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In Screening for Celiac Disease, Deamidated Gliadin Rarely Predicts Disease When Tissue Transglutaminase Is Normal

Gould, Michelle J.*; Brill, Herbert†,‡,§; Marcon, Margaret A.*,||; Munn, Natalie J.¶,#; Walsh, Catharine M.*,||,**,††

Journal of Pediatric Gastroenterology and Nutrition: January 2019 - Volume 68 - Issue 1 - p 20–25
doi: 10.1097/MPG.0000000000002109
Original Articles: Gastroenterology: Celiac Disease
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Objective: While tissue transglutaminase (tTG) antibodies are the most established serological test for celiac disease, newer deamidated gliadin peptide (DGP) screening tests are increasingly being completed. No pediatric study has systematically assessed the incidence of celiac disease in patients with an isolated positive DGP result. We sought to determine the positive predictive value of DGP serology for biopsy-confirmed celiac disease in pediatric patients with elevated DGP and normal tTG, to help guide clinicians’ decision making when screening for this common condition and avoid unnecessary invasive follow-up diagnostic testing.

Methods: A multicenter retrospective review of children, from birth to age 18, with isolated DGP immunoglobulin G (IgG) positive serology referred to 3 Canadian centers was completed. The positive predictive value of an isolated elevated DGP result was calculated.

Results: Forty patients with DGP positive, tTG negative serology underwent endoscopy with duodenal biopsy. Of these, only 1 patient had biopsy-confirmed celiac disease. This patient was IgA deficient. This yields a positive predictive value of 2.5% (95% confidence interval 0.1%–14.7%) for isolated DGP IgG positive serology.

Conclusions: In isolation, DGP positive serology has a poor positive predictive value for celiac disease in children, especially in IgA sufficient individuals. Our findings suggest that DGP IgG testing should not be completed as part of the initial screening for celiac disease in the pediatric population as it does not effectively differentiate between individuals with and without the disease. Further research is needed to clarify to role of DGP IgG in children under the age of 2 and those with IgA deficiency.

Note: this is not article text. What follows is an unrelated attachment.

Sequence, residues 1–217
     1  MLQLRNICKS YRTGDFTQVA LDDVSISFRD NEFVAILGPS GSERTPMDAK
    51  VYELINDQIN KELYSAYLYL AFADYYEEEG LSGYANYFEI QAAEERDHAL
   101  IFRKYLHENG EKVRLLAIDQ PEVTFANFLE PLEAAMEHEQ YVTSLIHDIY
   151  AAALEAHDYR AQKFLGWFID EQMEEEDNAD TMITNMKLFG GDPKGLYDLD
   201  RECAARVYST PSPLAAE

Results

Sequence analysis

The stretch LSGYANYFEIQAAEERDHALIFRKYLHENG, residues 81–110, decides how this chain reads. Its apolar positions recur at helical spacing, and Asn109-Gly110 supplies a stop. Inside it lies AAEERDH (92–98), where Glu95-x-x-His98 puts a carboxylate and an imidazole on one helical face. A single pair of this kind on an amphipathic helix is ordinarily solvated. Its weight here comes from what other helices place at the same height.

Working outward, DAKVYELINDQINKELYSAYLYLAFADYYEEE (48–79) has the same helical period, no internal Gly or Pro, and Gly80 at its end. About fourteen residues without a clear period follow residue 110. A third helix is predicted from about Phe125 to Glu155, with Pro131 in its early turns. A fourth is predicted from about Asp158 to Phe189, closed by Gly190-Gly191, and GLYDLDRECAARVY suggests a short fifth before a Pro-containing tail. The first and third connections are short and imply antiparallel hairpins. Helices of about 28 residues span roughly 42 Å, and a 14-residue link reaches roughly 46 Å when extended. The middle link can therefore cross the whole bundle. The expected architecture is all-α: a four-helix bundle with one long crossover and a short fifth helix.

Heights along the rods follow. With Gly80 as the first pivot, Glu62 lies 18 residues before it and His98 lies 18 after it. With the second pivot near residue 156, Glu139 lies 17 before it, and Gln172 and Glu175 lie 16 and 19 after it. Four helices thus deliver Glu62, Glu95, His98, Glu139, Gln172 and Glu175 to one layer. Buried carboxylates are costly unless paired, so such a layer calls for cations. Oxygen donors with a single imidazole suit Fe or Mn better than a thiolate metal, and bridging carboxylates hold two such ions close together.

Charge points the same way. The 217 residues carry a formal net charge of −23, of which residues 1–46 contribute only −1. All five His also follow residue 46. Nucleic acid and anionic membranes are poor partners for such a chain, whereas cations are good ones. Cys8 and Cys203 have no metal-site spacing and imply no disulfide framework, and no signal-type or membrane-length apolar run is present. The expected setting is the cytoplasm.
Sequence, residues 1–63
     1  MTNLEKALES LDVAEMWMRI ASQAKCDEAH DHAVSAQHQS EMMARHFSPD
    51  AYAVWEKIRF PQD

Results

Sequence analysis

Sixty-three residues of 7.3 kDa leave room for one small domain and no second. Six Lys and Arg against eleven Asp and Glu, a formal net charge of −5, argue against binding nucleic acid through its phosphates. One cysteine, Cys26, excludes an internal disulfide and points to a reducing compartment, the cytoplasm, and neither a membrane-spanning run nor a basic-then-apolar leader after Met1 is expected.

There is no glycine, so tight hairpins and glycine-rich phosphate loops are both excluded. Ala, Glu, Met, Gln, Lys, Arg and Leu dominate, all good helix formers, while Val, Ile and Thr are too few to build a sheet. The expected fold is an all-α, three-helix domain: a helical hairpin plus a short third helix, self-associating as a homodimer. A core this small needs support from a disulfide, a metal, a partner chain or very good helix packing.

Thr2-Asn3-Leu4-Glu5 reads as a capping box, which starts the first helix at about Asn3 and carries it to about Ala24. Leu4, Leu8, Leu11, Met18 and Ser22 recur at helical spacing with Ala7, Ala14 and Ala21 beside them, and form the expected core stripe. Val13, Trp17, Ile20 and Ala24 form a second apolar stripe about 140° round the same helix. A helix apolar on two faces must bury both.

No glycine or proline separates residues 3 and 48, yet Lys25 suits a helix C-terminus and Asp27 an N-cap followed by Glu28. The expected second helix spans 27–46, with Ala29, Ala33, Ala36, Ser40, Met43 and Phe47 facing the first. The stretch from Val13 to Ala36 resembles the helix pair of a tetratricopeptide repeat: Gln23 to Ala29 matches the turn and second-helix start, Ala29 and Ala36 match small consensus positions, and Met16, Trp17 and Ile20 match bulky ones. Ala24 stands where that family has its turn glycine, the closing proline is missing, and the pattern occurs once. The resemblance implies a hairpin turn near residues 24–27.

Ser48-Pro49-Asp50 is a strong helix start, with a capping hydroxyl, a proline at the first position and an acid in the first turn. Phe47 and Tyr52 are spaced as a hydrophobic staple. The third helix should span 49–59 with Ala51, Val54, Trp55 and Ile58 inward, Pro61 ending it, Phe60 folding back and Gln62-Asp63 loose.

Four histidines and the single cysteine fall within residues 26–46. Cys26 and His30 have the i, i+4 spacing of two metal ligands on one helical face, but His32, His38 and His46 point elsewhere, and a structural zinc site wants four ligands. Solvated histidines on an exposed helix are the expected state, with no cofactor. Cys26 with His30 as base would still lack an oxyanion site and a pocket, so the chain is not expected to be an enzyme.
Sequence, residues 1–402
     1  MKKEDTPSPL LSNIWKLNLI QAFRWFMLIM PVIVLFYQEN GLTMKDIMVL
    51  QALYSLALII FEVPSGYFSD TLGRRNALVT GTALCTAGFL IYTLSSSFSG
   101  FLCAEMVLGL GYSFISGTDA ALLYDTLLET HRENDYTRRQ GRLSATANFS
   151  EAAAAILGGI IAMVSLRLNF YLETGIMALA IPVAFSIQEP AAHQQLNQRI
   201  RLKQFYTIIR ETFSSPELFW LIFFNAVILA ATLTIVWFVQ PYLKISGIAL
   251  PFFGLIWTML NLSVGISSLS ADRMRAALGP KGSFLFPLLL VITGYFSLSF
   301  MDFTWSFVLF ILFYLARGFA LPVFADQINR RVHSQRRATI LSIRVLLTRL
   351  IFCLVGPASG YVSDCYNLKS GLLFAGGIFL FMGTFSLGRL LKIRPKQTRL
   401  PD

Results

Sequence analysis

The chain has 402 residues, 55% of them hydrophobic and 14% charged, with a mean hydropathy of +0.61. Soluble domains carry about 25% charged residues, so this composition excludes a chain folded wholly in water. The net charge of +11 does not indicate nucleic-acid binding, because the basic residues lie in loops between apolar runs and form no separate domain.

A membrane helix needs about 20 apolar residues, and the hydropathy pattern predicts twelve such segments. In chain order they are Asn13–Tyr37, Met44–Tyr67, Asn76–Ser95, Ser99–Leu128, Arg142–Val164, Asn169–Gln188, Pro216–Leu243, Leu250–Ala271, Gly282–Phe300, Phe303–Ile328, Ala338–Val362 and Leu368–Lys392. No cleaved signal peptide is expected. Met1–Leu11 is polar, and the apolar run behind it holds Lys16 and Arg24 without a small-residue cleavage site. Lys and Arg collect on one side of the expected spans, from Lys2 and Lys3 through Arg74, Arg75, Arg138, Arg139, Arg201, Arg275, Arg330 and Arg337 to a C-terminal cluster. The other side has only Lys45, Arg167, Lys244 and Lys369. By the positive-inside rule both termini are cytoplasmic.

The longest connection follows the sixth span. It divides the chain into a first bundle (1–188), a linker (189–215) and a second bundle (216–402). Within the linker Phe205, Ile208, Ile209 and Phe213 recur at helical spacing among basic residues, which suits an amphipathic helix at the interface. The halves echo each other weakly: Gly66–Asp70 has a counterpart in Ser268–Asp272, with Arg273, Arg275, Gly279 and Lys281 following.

*Department of Paediatrics, University of Toronto

Department of Paediatrics, McMaster University

Department of Paediatrics, William Osler Health System

§Division of Gastroenterology & Nutrition, McMaster Children's Hospital

||Division of Gastroenterology, Hepatology and Nutrition, Hospital for Sick Children

Michael G. DeGroote School of Medicine

#Department of Family Medicine, McMaster University

**The Research and Learning Institutes, Hospital for Sick Children

††The Wilson Centre, University of Toronto, Toronto, Ontario, Canada.

Address correspondence and reprint requests to Catharine M. Walsh, MD, MEd, PhD, FRCPC, FAAP, The Wilson Centre and the Division of Gastroenterology, Hepatology and Nutrition, the Learning and Research Institutes, Hospital for Sick Children, Department of Paediatrics, Faculty of Medicine, University of Toronto, Toronto, Ontario, Canada M5G 1X8 (e-mail: catharine.walsh@utoronto.ca).

Received 16 March, 2018

Accepted 3 July, 2018

C.M.W. holds a Career Development Award from the Canadian Child Health Clinician Scientist Program.

No funding organization had any role in the design and conduct of the study, collection, management, analysis, and interpretation of the data; and preparation, review, or approval of the manuscript.

Previous presentations: The abstract of an earlier version of this article was presented as an oral presentation at the 2017 NASPGHAN Annual Meeting.

The authors report no conflicts of interest.

© 2019 by European Society for Pediatric Gastroenterology, Hepatology, and Nutrition and North American Society for Pediatric Gastroenterology,